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National Security Adviser Jake Sullivan said on Sunday he could not know for sure what would happen in Ukraine, but described how a possible Russian invasion would play out if it were to happen.
“If there is a military invasion of Ukraine by Russia, it will likely start with a heavy barrage of missiles and bombings,” Sullivan said. “These are never as accurate as an army would want them to be, and we don’t even know how accurate the Russian military would want them to be, so that innocent civilians could be killed regardless of their nationality. .”
PENTAGON SPOX SAYS THREAT OF RUSSIAN SANCTIONS HAS ‘CHILLING EFFECT’, BUT ADMITS INVASION COULD BE ‘WITHIN DAYS’
During a CNN “State of the Union” interview, Sullivan went on to predict that there would be a “ground force assault crossing the Ukrainian border” after the bombings took place. they were happening, adding that civilians could be caught in the crossfire if this invasion takes place.
“We will defend NATO territory,” Sullivan said. “We will impose costs on Russia and we will ensure that we emerge from this as a stronger, more determined, more resolute West than we have been in 30 years, and that Russia ultimately suffers a significant strategic cost for military action.”
Sullivan said the Biden administration couldn’t “perfectly predict” what day Russia would invade Ukraine, but said it could start “any day now,” saying the way Russia has “strengthened her forces” and “the way she maneuvered things into place, it’s possible there will be major military action very soon.”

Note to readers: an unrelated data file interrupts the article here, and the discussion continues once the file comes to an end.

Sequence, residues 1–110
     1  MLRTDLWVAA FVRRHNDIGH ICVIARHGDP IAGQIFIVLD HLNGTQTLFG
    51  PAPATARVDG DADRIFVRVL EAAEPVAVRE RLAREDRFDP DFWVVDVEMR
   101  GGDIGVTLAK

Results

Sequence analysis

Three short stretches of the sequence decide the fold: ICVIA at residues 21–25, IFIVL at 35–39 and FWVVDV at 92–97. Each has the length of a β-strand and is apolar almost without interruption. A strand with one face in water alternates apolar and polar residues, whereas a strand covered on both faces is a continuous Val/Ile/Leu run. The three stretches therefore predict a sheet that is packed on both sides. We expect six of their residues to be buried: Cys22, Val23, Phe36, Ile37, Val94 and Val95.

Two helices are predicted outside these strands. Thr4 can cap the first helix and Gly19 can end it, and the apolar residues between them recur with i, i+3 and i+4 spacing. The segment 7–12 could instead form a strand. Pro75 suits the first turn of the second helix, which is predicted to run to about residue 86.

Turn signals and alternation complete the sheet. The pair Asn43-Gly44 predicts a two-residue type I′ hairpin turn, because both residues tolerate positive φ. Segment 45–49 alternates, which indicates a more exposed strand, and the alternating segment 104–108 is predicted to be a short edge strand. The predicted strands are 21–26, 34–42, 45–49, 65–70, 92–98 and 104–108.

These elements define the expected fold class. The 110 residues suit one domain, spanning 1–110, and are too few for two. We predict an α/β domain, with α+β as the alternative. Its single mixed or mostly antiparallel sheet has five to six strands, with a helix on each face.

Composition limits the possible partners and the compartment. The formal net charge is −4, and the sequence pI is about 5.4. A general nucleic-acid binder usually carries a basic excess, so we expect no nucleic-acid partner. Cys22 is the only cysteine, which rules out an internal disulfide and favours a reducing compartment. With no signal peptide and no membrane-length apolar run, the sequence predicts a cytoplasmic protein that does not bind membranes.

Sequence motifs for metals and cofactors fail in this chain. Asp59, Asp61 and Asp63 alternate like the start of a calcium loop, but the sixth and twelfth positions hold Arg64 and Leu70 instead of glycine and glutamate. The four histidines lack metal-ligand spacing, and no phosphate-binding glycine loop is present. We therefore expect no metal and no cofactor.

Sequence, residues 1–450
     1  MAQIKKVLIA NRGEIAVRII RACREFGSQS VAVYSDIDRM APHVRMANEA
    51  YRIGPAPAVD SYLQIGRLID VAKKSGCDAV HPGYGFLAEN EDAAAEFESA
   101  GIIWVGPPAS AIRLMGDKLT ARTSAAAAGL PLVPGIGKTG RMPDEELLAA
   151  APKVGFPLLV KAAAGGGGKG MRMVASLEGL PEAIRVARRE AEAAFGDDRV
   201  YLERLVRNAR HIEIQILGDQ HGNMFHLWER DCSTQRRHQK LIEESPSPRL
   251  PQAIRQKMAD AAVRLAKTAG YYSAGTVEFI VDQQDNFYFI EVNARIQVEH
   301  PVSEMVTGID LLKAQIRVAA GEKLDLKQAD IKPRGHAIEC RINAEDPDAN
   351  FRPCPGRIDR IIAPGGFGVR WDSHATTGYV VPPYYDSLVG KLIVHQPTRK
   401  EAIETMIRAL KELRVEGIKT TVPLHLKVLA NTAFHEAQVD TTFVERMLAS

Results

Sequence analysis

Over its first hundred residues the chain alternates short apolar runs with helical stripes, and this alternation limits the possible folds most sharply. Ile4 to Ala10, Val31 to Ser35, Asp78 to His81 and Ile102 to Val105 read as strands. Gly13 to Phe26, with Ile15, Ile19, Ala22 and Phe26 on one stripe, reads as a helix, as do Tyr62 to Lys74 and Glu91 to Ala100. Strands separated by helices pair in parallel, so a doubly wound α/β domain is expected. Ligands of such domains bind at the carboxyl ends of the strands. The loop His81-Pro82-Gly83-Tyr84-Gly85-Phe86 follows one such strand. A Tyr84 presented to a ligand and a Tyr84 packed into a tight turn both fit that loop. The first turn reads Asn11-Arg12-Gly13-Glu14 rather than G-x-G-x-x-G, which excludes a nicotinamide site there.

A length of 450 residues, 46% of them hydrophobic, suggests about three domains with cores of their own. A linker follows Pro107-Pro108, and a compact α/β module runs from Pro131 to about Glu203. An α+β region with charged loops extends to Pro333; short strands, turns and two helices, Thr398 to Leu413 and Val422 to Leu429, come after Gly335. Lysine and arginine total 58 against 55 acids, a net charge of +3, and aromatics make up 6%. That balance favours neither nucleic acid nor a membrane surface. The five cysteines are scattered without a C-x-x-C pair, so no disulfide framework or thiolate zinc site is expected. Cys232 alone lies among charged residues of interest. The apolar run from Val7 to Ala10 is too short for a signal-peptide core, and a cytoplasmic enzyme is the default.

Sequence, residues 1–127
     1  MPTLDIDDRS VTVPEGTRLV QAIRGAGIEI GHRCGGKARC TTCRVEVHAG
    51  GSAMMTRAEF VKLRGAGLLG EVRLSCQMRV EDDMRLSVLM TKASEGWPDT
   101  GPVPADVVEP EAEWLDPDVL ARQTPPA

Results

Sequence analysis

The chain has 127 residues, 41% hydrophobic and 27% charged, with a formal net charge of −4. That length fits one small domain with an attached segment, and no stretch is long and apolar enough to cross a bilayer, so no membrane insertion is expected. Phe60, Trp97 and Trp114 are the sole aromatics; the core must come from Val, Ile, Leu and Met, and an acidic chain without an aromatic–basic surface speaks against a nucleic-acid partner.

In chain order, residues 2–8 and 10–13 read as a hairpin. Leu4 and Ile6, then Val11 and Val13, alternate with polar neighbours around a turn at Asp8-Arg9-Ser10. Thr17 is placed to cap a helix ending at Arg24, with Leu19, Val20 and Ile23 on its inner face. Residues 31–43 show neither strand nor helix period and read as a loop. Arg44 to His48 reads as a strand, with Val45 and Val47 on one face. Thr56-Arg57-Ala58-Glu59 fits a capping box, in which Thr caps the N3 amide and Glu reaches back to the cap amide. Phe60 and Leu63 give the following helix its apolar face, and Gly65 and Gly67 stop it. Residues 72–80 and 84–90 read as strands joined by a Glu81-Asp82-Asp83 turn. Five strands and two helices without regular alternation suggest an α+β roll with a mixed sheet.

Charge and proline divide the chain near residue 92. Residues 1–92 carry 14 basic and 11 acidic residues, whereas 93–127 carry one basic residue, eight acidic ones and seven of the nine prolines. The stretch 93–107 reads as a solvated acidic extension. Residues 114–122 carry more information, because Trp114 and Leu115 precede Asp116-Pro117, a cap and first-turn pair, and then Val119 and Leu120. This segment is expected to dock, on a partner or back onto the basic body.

Sullivan also reiterated a warning from the Biden administration to American citizens in Ukraine, telling them to leave Ukraine “immediately” and that there will be no military evacuation. The State Department said Saturday the Americans should escape through Poland.
Earlier this morning, Pentagon press secretary John Kirby told “Fox News Sunday” that intelligence shows Russia could stage an invasion “any day now”, if not sooner. He also said the United States would not impose sanctions on Russia before any possible invasion of Ukraine, adding that the threat of sanctions had a “chilling effect” that would be lost once the sanctions were issued.
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“If it’s a deterrent and you use it before the assault is done or the transgression is done, then you lose your deterrent effect,” Kirby said. “If you’re punishing someone for something they haven’t done yet, then you might as well go ahead and do it. So we think there’s a chilling effect in keeping it in reserve and we have been very clear with the international community and with Mr. Putin about the seriousness of the economic consequences he could face.
Fox News’ Ronn Blitzer contributed to this report.